Unfortunately, Burmese cats have shown a tendency for diabetes melitus (particularly in older cats). Research indicates that this is more prevalent in cats in Australia, New Zealand and the UK. They can also suffer from hypokalemia (low blood potassium) which can lead to muscle weakness.
Fortunately, this disease is not fatal and can easily be treated with potassium supplements. In 2012, researchers from the University of Bristol identified the gene that carries hypokalemia in Burmese cats and breeders can now identify felines that carry the trait.
Are They Long Lived?
On the whole, Burmese are a healthy breed. Burmese cat life expectancy is normally between 16 and 18 years. With one, notable exception. In 2004, the Guinness World Records recognised a very special Burmese as the world’s longest living cat at 27 years old!
Buying A Burmese Kitten
Burmese kittens are very popular and a reputable breeder will charge around $500-$700, with a higher price tag if you’re looking for a specific color. Blue Burmese kittens are particularly popular. Be wary of sellers offering kittens for less as this can be a red flag that you’re not dealing with an accredited breeder.
A healthy Burmese kitten is a playful, curious and highly sociable addition to the household. These tiny creatures should be easily handled, bright and alert. Although it’s a good idea to watch these curious kitties like a hawk. Sometimes they can be too adventurous for their own good!
Very interesting. I have a Burmese cat. Quite old but just beautiful. Has been drinking more lately. Is this a problem?
You need to get her kidneys checked. Kidney disease is really common but can be treated with a special diet. Sadly, no cure but can be managed.
I had a burmese and she lived 21 years ( she was registered but a runt. very small). i gave her bottled water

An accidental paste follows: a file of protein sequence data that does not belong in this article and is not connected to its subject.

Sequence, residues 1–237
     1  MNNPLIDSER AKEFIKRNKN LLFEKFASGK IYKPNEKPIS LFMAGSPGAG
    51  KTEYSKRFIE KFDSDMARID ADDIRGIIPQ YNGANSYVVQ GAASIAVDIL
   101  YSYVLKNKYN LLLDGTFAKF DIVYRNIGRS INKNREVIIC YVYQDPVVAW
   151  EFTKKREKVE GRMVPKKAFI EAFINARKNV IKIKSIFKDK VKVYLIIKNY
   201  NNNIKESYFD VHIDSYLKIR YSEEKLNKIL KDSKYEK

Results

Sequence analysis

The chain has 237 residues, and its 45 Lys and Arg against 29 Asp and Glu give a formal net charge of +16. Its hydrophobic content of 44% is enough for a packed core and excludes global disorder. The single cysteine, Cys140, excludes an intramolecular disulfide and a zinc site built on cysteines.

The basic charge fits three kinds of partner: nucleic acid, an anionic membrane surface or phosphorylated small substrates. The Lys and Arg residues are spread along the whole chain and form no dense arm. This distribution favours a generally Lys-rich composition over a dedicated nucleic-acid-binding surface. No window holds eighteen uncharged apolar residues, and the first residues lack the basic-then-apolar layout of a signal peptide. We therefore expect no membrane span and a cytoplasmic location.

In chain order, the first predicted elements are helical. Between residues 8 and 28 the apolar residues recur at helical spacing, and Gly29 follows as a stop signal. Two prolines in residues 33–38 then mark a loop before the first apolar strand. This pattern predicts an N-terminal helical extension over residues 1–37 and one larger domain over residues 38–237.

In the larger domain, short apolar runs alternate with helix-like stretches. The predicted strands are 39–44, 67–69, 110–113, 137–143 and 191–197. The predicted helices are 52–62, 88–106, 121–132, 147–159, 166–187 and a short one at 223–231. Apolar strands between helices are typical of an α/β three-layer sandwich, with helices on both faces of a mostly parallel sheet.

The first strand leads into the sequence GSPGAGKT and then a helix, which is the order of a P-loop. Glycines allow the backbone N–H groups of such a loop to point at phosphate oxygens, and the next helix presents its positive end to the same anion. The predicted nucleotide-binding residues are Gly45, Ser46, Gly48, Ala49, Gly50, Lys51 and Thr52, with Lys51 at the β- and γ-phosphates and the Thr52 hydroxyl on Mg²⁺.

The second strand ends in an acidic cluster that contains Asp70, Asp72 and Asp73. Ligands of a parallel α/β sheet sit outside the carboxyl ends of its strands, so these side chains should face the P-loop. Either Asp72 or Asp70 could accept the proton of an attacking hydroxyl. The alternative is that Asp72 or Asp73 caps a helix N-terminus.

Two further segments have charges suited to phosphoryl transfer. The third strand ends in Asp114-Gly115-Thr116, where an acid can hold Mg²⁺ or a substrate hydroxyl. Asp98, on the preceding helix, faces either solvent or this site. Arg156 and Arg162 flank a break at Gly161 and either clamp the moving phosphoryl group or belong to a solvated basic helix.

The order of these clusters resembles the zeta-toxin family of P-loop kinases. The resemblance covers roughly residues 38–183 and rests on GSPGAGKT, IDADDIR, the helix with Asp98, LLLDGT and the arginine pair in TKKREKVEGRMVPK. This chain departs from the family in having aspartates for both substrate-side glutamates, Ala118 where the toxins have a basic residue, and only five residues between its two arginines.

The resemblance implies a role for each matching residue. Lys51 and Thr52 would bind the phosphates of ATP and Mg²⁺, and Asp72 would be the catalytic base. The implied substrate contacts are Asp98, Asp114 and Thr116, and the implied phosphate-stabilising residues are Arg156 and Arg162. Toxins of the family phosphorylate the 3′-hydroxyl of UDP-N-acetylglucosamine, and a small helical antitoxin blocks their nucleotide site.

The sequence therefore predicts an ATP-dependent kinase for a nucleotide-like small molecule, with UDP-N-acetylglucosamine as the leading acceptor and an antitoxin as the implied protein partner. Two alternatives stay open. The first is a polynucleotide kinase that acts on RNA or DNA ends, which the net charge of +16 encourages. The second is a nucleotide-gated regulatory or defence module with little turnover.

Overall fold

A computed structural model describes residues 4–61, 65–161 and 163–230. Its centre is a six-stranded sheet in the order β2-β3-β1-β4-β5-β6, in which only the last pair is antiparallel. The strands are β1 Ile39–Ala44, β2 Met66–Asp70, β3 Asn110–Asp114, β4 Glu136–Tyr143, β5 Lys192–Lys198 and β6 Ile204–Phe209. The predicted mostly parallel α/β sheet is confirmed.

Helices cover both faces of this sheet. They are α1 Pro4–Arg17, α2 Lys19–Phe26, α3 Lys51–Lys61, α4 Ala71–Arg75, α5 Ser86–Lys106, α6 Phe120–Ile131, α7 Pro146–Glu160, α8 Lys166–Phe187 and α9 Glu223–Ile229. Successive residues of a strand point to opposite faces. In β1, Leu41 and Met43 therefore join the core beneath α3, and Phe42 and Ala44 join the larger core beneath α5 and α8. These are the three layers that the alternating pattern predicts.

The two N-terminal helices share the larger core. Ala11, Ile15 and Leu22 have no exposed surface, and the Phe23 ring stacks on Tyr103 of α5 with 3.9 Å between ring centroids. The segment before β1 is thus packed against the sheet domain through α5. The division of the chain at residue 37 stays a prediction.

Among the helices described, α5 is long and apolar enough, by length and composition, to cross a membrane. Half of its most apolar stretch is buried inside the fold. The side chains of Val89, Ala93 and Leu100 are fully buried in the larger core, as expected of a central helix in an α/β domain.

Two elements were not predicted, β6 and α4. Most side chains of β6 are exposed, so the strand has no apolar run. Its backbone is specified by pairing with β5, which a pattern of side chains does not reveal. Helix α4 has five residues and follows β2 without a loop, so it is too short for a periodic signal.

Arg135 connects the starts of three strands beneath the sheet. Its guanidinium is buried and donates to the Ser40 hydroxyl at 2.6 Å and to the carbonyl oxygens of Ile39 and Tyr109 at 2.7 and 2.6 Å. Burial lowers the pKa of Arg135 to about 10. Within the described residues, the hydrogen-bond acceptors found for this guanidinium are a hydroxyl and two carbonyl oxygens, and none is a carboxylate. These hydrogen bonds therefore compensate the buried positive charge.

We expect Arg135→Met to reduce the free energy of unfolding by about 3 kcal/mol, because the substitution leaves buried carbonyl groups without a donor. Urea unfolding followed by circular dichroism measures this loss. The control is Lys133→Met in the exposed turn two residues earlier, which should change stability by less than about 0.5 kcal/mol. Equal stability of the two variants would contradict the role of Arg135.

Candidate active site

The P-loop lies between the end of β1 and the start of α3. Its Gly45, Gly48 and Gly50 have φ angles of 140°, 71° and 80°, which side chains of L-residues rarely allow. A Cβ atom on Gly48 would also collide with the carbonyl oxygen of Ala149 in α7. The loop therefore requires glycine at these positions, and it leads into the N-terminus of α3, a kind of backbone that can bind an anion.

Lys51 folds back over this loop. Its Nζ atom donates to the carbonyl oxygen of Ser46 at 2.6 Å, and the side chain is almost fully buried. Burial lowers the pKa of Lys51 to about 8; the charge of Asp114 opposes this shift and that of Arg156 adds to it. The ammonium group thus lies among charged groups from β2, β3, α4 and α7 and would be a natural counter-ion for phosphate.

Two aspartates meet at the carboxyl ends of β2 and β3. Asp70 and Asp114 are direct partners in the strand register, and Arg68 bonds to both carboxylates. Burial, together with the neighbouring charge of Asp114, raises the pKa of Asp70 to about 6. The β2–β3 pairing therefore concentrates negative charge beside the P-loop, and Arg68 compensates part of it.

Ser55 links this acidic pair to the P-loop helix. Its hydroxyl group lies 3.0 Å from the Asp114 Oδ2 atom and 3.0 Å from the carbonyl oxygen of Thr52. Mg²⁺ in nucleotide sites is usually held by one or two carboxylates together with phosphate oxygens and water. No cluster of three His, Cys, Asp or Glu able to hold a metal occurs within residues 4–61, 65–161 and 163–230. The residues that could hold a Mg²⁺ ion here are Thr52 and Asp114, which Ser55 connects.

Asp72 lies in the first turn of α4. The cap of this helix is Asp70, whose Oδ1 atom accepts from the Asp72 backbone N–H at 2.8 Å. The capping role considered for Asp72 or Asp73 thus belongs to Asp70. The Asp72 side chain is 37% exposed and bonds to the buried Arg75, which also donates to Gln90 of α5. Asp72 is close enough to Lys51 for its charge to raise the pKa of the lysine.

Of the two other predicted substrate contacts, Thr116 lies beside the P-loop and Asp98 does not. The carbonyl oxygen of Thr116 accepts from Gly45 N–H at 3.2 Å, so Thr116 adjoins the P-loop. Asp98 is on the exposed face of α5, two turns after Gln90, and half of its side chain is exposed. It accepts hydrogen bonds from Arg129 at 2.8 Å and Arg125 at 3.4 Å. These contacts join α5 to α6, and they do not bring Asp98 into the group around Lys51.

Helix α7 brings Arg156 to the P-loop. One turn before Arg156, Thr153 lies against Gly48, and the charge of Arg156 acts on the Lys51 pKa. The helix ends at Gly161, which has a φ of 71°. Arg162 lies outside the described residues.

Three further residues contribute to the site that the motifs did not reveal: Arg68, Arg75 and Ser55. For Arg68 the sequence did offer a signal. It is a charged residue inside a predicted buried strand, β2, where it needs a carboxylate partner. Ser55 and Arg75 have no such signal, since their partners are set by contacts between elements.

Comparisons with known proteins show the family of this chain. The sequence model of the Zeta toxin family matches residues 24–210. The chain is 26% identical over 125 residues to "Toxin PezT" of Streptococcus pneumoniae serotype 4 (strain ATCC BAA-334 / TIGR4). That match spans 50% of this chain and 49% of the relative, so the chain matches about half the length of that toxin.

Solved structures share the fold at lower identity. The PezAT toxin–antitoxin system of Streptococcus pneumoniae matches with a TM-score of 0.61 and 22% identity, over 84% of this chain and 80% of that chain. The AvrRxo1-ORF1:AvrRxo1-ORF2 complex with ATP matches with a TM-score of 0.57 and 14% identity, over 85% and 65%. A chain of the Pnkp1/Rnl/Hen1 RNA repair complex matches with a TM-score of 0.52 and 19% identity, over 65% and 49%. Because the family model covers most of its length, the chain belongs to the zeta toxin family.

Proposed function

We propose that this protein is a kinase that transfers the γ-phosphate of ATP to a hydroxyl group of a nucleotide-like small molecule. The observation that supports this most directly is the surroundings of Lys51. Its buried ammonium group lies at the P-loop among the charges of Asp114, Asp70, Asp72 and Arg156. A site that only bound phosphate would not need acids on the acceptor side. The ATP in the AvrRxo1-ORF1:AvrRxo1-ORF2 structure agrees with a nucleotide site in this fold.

animals don’t always do well with minerals in water
I I now have my 3rd Sable Burmese cat…I adore this breed! I never had any issues with them, until I got my Platinum Burm about 2 yrs ago. I always had females. Our Platinum is quite aggressive…she had 2 litters in quick succession…She lived in a house with many cats of another breed. I think she learned to be defensive of her kittens. So, this Platinum and my Sable are just not getting along…NOTHING has worked. So they stay away from one another now. I would love to get them together. But I am perplexed now, on how to do it. Plus, I do have a question: The Platinum sheds! So I wonder if she really is total purebred. I would love to have some feedback about this. Thanks.
We have a cross-breed, mother was a Burmese and father a ragdoll. He is a deep brown with a thick fur. We also had his half-sister, a pure ragdoll. She passed earlier this year, aged 16.5. He’s 17 and seems really healthy. We also had two Tonkinese about the same age, but both passed this year (the problem with getting four cats close together is they all get old together and start to go in a close period, which is a tough emotional experience). One of the Tonkinese was completely enamoured with our Burmese cross, followed him always, curled up with him every day. She adored him. I think now he is the only cat, he’s missing his disciples. He is the King. And he knows it. He charms everyone. My daughter is 28, so has had him in her life since she was 11, and worships him. When she comes home to visit us, he’s more the reason than us! Which is fair enough. Because he really is the King. As a kitten he was very, very active and a handful of mischief. Now he’s an “old man” he’s become a sleepy lap cat with a deep rumbly purr. He is a god amongst cats. If you get the chance to adopt a ragdoll-Burmese cross as a family member, do not hesitate.
I adopted a street cat who was identified as a brown Tortie Burmese cross. She is identical to a brown Tortie Burm except for medium length fur. The mother was obviously the tortie but I have no idea what the father could have been.Could she have been a throwback?I’ve had a Burmese before this one.